@PhotosByNeva wrote:
I do have some Canon lenses. I just took the 35-50mm Canon lens that was on my original Rebel (actual 35mm film camera) and put it on my 6D. I took a couple pictures with it and it seems to be doing fine, no black edges.

That's because a 35mm film camera incorporates the very definition of the term "full-frame". A full-frame digital camera is one whose sensor size is 36 x 24 mm, the frame size of almost all 35mm film cameras.

 

APS-C "cropped frame" lenses are an entirely different matter. Very few of them will fill the sensor of your 6D, and any that do will fall off in image quality near the edges. And all of them are potentially able to damage your camera. The APS-C spec allows the lens to extend farther into the camera, where it can interfere with the mirror or other parts of the mechanism. And even if a given lens appears to have enough clearance, it may extend farther back when it's zoomed or focused.

 

Buying the 6D may have been an expensive mistake, but you can make the best of it. The 6D is a very good camera that can serve you well for many years. Don't place it at risk by trying to use inappropriate lenses just because you happen to have them lying around.

Bob
Philadelphia, Pennsylvania USA

TCampbell
Elite
Elite

Do these lenses screw on to the front of existing lenses?   Or do they mount directly to the camera body?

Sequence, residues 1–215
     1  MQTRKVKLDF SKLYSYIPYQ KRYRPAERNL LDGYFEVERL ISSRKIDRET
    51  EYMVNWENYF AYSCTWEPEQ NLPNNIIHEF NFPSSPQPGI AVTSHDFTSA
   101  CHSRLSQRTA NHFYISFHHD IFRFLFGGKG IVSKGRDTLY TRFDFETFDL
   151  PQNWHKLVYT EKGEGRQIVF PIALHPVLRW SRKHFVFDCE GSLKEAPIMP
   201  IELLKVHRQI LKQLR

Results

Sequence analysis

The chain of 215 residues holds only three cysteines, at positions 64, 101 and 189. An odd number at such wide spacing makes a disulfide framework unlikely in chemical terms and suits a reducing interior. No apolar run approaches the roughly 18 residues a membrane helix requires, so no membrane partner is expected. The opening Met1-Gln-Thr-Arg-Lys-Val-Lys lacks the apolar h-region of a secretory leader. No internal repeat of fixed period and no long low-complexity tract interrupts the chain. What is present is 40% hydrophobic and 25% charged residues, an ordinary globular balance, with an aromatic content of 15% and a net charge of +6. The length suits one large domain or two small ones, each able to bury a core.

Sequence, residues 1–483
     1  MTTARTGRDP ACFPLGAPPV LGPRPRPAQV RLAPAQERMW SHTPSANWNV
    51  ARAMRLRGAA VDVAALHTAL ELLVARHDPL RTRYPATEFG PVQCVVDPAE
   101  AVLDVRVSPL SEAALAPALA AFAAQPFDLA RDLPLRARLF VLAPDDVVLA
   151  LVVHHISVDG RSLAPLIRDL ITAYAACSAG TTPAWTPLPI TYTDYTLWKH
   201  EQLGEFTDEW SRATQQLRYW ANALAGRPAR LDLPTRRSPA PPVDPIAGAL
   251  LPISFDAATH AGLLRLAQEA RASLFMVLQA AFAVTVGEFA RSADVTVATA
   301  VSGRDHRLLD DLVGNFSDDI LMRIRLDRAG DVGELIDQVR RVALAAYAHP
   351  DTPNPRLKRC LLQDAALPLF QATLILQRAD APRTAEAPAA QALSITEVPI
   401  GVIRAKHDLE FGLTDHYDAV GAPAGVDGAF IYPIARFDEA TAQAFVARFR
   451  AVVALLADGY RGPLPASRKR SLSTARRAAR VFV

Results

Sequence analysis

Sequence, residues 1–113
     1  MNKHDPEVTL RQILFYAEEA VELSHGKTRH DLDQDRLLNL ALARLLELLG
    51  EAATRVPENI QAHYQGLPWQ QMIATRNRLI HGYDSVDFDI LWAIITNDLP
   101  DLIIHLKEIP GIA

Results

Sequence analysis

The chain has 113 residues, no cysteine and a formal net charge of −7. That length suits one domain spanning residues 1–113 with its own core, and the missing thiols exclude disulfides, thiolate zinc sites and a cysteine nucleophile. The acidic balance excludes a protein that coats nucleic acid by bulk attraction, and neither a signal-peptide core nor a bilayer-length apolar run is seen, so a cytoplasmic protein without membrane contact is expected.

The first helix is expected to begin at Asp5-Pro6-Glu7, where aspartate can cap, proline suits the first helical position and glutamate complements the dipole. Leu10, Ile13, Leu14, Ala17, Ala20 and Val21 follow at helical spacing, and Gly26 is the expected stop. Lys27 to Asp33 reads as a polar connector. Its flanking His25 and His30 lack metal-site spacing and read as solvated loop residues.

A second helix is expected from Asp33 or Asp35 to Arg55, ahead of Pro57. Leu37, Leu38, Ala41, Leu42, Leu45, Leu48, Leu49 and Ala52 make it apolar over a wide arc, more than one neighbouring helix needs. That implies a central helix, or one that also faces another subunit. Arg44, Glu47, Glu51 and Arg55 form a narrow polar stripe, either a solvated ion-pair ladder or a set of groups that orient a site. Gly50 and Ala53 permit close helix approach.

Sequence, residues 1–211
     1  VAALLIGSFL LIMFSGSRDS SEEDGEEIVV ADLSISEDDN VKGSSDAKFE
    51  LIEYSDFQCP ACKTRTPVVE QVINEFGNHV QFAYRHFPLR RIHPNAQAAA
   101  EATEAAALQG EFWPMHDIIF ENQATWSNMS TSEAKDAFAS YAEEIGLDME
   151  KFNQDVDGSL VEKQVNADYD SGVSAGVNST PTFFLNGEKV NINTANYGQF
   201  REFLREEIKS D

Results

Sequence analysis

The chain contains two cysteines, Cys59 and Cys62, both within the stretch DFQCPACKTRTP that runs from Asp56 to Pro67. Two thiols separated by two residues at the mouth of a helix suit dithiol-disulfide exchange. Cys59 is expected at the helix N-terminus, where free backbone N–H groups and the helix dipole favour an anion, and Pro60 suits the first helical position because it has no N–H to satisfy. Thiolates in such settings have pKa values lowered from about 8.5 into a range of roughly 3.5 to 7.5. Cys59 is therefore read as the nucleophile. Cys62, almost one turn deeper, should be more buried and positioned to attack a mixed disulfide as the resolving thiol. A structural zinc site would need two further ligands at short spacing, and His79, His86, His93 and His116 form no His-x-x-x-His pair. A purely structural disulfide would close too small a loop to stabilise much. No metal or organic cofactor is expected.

The 6D is indeed a full-frame sensor body and it requires Canon EOS "EF" lenses (without the "-S" suffix)   It can also use the EOS TS-E and MP-E specialty lenses.   You can use third party lenses if they are designed for use for Canon EOS full-frame bodies.

 

 

Tim Campbell
5D III, 5D IV, 60Da

They screw on to the camera body. I didn't do enough research before my upgrade because I have several lenses that fit my older DSLR Rebel and I guess I have to buy all new lenses for my 6D. I just paid over $600 for a new Tamron Piiezo Drive 16-300 mm lens that won't work on my Rebel. I get two shots and it shuts down my camera, same problem with the 20D I had. It works on my 6D just fine except it isn't a full frame lens apparently. 

 

The specs clearly state, 

"Tamron Di-II lenses are engineered expressly for digital SLR cameras with image sensors commonly referred to as APS-C, measuring approximately 24mm x 16mm. Rendering an ideal image circle for APS-C sensors, Di-II lenses also include properties to optimize digital imaging performance."

 

 

So that is the problem with that lens.  Not all third party lenses are compatibile with all Canon cameras.  Even the ones that are designed to work on a FF and/or APS-C, may not work correctly.  Most newer versions do, however.  Sometimes, try before you buy is a good rule.  Plus third party lenses do not have the altered mount to prevent you from mounting the wrong lens as you have found out.  Without modification of the mount, you can not mount a Canon brand ef-s lens on a 6D.

EB
EOS 1DX and 1D Mk IV and less lenses then before!